Wool returns to glory days with turnover tipped to hit $3 billion

INDUSTRY LEADERS: Paul Cocking of "Kaoona", Mangoplah pictured with some mixed age Merino ewes. Picture: Nikki Reynolds

INDUSTRY LEADERS: Paul Cocking of "Kaoona", Mangoplah pictured with some mixed age Merino ewes. Picture: Nikki Reynolds


A RETURN to glory days for the wool industry could push the value of this commodity past the lucrative $3 billion mark for the year. 

New figures out show that wool has reached the billion dollar mark so far and with flock numbers at lows industry leaders say the demand for fibre is pushing the commodity into new territory. 

“The multiplier affect for the wool industry is going to be massive, this really helps every country town and all of the regional cities,” said Mangoplah grower Paul Cocking, “Kaloona.”

He said the money generated by wool allows growers to reinvest in genetics, new sheep yards, and spend within the community. 

“We are going to see this filter down for years to come,” he said.

Mr Cocking said the alignment of high lamb prices and replacement sheep prices also added to the overall value of the sector. 

“This is a reward for people who have stuck by the wool industry,” he said.  

He said the success in dollar terms also provided valuable feedback in regards to the inroads in marketing and development of the fibre.

Mr Cocking said wool held pride of place in sports wear through to evening apparel.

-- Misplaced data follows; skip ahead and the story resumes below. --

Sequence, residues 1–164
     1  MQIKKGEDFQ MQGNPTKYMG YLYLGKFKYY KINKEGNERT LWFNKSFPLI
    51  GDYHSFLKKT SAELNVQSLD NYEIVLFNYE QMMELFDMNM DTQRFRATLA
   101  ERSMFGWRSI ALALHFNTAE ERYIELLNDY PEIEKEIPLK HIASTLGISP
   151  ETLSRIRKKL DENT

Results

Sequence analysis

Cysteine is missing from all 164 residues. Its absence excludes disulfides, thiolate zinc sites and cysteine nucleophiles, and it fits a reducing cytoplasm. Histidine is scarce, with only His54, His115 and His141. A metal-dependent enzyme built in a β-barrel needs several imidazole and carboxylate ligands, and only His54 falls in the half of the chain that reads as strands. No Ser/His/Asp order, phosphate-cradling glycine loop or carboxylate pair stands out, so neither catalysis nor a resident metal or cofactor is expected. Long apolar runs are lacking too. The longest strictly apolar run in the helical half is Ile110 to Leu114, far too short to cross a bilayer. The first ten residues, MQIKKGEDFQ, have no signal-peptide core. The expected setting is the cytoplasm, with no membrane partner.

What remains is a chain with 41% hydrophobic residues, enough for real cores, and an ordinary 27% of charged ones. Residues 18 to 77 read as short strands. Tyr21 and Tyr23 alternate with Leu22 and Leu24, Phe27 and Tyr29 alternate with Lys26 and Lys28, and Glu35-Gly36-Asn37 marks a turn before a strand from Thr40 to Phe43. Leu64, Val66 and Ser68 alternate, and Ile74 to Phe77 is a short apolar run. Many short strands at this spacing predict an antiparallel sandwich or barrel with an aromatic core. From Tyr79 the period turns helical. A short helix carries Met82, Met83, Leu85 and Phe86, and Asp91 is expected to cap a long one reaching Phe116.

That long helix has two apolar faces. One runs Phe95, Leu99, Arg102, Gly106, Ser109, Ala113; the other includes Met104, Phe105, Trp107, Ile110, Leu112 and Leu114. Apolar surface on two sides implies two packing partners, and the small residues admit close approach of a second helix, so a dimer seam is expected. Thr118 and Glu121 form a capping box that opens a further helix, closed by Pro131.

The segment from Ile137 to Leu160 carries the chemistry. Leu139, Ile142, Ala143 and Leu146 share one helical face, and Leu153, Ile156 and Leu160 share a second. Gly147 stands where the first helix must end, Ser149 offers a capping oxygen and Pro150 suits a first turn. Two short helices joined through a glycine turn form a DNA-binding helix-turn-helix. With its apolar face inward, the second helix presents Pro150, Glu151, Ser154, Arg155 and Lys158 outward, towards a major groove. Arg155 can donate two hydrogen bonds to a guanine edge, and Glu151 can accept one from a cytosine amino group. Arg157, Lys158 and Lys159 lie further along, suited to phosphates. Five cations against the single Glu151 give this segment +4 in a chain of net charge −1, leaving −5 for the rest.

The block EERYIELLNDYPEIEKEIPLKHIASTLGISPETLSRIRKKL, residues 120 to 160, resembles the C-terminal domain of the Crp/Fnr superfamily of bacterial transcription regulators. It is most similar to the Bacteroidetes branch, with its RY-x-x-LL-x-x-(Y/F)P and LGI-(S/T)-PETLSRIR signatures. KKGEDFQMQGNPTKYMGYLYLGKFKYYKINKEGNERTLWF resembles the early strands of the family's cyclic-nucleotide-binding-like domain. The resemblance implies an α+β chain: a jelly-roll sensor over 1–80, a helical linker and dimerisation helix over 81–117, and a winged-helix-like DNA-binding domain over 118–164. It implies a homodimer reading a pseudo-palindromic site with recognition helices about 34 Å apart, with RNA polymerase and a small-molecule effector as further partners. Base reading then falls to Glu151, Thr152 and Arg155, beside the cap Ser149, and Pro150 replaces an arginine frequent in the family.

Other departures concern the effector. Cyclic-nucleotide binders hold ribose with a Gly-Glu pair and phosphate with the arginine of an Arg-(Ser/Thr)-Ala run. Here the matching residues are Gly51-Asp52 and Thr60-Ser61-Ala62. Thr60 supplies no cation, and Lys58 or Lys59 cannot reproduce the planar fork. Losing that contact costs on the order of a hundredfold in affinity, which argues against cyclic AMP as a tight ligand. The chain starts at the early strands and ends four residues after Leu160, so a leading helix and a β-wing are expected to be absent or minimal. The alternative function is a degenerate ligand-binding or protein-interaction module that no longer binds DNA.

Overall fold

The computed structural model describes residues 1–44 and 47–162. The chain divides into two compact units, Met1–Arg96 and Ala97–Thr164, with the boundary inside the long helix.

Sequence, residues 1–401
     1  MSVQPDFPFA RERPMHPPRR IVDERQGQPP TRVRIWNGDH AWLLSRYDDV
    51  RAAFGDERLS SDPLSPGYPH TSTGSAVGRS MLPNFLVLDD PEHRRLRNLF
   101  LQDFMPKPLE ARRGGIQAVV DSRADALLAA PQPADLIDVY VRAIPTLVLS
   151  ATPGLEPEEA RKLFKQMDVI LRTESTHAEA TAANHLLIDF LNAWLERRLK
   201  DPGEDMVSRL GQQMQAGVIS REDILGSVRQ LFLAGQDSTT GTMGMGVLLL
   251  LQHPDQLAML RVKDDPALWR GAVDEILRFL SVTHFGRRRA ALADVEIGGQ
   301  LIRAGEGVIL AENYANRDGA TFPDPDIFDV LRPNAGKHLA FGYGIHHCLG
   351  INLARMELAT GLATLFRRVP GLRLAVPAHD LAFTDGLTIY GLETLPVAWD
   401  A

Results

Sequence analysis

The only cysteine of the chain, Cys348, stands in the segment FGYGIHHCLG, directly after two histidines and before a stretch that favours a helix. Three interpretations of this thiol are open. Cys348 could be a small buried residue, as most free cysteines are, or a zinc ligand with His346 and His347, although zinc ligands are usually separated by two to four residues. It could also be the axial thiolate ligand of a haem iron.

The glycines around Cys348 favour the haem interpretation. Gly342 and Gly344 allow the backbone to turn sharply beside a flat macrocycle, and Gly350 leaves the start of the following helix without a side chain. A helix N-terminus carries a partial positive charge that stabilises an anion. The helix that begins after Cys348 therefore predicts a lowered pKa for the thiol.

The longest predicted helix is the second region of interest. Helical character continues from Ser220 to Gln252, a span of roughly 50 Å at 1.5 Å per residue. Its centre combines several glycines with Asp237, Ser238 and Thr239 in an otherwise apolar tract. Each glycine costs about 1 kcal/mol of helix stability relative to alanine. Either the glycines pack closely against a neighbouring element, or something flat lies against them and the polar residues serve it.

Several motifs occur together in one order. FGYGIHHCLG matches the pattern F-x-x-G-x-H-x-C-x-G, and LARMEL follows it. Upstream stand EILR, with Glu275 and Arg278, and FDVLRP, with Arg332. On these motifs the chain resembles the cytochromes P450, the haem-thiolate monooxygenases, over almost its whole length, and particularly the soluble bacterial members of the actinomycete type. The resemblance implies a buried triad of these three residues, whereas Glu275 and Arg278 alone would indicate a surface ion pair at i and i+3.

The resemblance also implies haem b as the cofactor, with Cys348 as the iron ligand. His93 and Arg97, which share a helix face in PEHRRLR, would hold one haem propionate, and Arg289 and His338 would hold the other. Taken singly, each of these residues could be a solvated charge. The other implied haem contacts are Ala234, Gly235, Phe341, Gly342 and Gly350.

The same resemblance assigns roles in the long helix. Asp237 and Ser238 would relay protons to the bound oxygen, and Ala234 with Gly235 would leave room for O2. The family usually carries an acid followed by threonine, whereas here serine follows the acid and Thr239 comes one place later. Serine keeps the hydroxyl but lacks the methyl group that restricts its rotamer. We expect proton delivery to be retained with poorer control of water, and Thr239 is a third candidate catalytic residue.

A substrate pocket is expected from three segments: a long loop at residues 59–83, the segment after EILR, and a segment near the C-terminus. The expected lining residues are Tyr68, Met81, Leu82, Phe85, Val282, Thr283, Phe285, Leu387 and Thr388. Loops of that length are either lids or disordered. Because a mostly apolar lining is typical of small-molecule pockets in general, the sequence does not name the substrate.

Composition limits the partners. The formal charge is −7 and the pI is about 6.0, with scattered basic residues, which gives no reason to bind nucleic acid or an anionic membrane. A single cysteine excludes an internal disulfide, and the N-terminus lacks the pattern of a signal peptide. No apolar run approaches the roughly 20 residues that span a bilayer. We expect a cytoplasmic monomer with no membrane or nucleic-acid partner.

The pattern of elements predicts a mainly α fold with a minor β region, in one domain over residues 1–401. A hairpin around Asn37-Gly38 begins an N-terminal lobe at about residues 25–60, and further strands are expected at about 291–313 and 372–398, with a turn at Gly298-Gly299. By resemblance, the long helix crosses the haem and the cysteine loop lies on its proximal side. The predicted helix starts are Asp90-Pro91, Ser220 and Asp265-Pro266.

He said now was also the time to encourage people back into the industry and to promote the positive attributes of improvements in innovation. 

Figures released by Mercado this week indicate that at the same point in the season, last year, wool prices were 26 per cent lower than current 2017 levels. 

And that figure comes when supply is estimated at 10 per cent lower. 

The Mercado analysis shows that the wool market has not been at this level since week 17 during 2002. 

The Eastern Market Indicator (EMI) rose 10c on the week to 1578c in Australian dollar terms.

The fibre news comes at a time when big turnovers continue to dominate at the Wagga Livestock Marketing Centre. 

The centre sold just just shy of 1.7 million sheep and lambs and when cattle were added into the mix the overall  figure comes in at more than $428 million. 

Wagga Livestock Marketing Centre manager Paul Martin said overall prices were higher for sheep and lambs and this helped to boost the results. 

In fact, average across the board for all lines was $130. And the sheep and lamb market on its own was worth $219 million.